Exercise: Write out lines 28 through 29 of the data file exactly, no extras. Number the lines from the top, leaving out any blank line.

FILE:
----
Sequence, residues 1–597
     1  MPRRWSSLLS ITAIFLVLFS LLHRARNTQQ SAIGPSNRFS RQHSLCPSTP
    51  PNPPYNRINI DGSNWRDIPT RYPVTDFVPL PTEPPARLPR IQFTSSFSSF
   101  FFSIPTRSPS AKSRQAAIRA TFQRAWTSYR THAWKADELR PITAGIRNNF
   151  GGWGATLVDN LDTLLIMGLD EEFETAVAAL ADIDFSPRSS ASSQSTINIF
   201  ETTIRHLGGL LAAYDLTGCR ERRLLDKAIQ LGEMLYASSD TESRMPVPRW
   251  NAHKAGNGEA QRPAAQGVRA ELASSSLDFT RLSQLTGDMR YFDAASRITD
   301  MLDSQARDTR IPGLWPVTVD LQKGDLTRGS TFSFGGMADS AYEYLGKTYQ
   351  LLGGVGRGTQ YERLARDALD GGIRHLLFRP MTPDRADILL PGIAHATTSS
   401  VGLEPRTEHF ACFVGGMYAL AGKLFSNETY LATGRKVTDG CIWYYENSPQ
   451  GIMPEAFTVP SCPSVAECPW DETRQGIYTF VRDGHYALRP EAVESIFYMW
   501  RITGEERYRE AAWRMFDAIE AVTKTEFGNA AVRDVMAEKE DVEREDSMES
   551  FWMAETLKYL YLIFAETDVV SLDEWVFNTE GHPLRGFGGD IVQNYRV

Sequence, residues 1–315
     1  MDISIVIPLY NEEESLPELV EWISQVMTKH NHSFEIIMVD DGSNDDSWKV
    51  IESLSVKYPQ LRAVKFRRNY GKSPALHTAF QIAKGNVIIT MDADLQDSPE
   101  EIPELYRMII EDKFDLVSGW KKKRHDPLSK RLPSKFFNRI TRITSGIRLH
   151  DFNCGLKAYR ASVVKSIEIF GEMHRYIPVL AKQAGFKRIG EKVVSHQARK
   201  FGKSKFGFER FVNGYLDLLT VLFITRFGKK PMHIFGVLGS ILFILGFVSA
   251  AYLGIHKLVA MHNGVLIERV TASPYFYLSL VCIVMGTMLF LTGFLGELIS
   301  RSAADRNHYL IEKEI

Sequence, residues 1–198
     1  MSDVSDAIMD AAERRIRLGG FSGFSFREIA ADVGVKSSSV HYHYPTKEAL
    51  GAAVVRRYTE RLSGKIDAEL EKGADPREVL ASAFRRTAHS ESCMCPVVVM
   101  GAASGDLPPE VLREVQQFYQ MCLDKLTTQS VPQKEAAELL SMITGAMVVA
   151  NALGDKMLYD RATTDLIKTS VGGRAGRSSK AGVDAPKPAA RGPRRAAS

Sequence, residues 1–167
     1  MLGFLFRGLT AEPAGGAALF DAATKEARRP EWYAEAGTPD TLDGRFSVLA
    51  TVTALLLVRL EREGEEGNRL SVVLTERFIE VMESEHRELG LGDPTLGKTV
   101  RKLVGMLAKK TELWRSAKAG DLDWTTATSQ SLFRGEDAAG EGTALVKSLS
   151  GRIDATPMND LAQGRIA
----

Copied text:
     1  MLGFLFRGLT AEPAGGAALF DAATKEARRP EWYAEAGTPD TLDGRFSVLA
    51  TVTALLLVRL EREGEEGNRL SVVLTERFIE VMESEHRELG LGDPTLGKTV